Seattle is dropping Wells Fargo as its lender for $100 million in City Light bond financing over the bank’s fraudulent opening of more than a million fake accounts.

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Seattle officials said Friday they’re pulling out of a $100 million bond-financing deal with Wells Fargo to protest the company’s fraudulent opening of more than a million phony bank and credit-card accounts.

In a letter to Wells Fargo executives, Mayor Ed Murray, City Council President Bruce Harrell and Tim Burgess, the council’s finance-committee chair, said the company won’t be the lender on the deal for Seattle City Light.

The company won the deal recently through a competitive bidding process but the contract hasn’t yet been signed.

The decision to scrap the City Light deal is separate from and won’t necessarily affect Seattle’s regular business with the bank. Wells Fargo holds a much larger, more sweeping contract to provide routine banking services for the city.

Dating to 2013, that contract is set to expire in 2018, said Benton Strong, spokesman for Murray.

“While this contractual relationship has met the city’s banking needs, we were extremely disappointed to hear of the alleged unethical and likely illegal conduct that Wells Fargo has acknowledged engaging in,” Friday’s letter says.

It goes on to say, “The people of Seattle expect far better from the city’s business partners. In light of this, and effective immediately, we have concluded that we cannot continue to work with Wells Fargo as lender on the $100 million bond financing for Seattle City Light that was on track to close this month.”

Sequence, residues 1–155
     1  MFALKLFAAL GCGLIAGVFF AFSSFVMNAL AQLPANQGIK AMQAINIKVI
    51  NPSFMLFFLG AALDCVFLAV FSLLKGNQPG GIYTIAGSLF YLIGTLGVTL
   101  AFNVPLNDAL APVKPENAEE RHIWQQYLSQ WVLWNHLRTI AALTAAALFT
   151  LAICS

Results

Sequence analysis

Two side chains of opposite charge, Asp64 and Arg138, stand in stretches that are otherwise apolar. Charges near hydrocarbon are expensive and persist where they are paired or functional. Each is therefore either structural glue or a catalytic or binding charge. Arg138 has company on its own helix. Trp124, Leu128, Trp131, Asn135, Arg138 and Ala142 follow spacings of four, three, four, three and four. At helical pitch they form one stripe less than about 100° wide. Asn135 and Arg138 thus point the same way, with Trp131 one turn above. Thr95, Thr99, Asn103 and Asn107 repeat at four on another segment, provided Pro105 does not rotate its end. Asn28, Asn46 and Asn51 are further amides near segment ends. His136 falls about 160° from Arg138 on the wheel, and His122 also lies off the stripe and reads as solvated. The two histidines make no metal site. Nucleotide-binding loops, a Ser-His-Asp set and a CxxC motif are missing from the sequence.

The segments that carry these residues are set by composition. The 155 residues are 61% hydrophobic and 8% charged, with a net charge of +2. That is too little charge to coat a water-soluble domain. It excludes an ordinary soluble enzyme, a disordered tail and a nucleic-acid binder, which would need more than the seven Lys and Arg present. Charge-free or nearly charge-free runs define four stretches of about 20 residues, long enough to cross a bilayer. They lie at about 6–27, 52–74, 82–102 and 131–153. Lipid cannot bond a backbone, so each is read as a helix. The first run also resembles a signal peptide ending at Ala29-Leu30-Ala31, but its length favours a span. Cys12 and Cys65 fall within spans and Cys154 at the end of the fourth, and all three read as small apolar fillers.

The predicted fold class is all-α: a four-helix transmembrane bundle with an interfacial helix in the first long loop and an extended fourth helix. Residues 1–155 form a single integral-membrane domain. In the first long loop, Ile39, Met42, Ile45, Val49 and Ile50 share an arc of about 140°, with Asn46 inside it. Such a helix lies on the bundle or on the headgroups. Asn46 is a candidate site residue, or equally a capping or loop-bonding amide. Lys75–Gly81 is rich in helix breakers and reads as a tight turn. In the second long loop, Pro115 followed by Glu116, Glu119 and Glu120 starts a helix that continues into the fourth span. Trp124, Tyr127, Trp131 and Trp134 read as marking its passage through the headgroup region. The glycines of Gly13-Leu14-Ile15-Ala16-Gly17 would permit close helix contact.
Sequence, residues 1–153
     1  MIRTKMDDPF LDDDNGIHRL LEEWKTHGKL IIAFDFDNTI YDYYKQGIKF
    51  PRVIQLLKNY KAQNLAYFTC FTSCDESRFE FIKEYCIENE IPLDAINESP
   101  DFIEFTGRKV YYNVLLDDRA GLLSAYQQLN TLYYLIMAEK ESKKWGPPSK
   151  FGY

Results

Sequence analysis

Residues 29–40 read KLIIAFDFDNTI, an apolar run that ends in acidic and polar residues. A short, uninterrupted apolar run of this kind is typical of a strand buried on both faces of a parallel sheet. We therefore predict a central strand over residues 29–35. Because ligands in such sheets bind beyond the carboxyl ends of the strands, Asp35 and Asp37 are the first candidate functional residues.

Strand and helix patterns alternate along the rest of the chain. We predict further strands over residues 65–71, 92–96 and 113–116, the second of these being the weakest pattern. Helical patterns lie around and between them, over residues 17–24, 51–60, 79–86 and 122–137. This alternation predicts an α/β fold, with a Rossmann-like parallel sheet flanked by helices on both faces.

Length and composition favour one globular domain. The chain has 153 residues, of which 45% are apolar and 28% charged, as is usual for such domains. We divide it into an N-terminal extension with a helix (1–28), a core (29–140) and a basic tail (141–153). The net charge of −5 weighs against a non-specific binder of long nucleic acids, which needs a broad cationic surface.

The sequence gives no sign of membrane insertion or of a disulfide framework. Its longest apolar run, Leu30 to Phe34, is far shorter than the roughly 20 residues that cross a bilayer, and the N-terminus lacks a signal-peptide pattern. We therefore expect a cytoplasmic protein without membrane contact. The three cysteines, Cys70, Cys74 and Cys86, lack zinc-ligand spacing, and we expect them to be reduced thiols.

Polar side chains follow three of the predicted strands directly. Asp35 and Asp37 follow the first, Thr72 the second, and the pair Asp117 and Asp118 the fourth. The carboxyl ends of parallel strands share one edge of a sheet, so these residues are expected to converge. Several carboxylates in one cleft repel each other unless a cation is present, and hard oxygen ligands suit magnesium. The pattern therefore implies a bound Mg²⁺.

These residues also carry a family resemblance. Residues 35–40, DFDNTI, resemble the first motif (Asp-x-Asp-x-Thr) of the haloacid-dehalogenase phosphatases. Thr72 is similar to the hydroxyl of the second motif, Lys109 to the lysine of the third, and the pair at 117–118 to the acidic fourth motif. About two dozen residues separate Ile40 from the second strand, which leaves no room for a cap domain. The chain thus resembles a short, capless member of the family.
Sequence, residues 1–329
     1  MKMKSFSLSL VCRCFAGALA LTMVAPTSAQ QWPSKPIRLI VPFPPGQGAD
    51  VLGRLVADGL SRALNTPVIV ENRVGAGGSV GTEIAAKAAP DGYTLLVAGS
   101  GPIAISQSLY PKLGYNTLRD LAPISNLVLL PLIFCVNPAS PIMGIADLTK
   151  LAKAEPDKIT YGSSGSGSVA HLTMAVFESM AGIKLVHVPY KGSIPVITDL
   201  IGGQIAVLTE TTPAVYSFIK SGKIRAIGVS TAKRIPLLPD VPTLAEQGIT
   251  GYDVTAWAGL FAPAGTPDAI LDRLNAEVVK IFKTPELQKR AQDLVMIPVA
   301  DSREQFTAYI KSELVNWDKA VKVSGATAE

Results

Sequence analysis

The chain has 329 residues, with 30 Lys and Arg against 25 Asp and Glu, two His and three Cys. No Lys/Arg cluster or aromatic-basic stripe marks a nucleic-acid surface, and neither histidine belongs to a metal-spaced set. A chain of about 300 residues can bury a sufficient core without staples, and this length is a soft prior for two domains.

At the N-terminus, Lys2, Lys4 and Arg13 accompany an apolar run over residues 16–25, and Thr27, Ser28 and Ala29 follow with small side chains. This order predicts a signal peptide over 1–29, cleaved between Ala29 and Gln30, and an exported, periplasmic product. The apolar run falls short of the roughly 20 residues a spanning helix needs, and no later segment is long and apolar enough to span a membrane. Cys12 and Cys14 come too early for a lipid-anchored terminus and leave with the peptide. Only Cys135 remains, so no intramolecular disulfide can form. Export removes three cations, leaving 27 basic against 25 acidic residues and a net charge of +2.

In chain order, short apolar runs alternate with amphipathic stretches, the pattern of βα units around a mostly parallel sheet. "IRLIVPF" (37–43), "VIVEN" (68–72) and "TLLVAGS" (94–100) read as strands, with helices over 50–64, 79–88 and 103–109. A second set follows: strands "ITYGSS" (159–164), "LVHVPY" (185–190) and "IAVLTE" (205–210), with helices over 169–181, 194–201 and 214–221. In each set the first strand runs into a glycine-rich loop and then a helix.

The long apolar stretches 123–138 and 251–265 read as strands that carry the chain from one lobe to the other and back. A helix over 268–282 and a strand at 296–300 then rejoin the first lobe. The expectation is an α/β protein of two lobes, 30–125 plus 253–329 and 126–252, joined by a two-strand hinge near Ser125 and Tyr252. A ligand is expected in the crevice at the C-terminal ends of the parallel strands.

The letter says that in order for Seattle to consider “continuing a relationship” with the company, it must provide the city with information on how it intends “to rectify this situation, make reparations to those harmed and ensure something like this never happens again.”

Federal and California regulators have fined Wells Fargo $185 million, saying employees of the San Francisco-based company striving to meet tough sales targets opened up to 2 million fake accounts on behalf of unwitting customers.

The employees issued and activated debit cards and signed people up for online banking without their permission, according to regulators.

Earlier this week, 14 senators called on the U.S. Department of Justice to open a criminal investigation of Wells Fargo executives for allowing the fraud to go on for years.

The Chicago City Council this week approved a one-year suspension of business with Wells Fargo.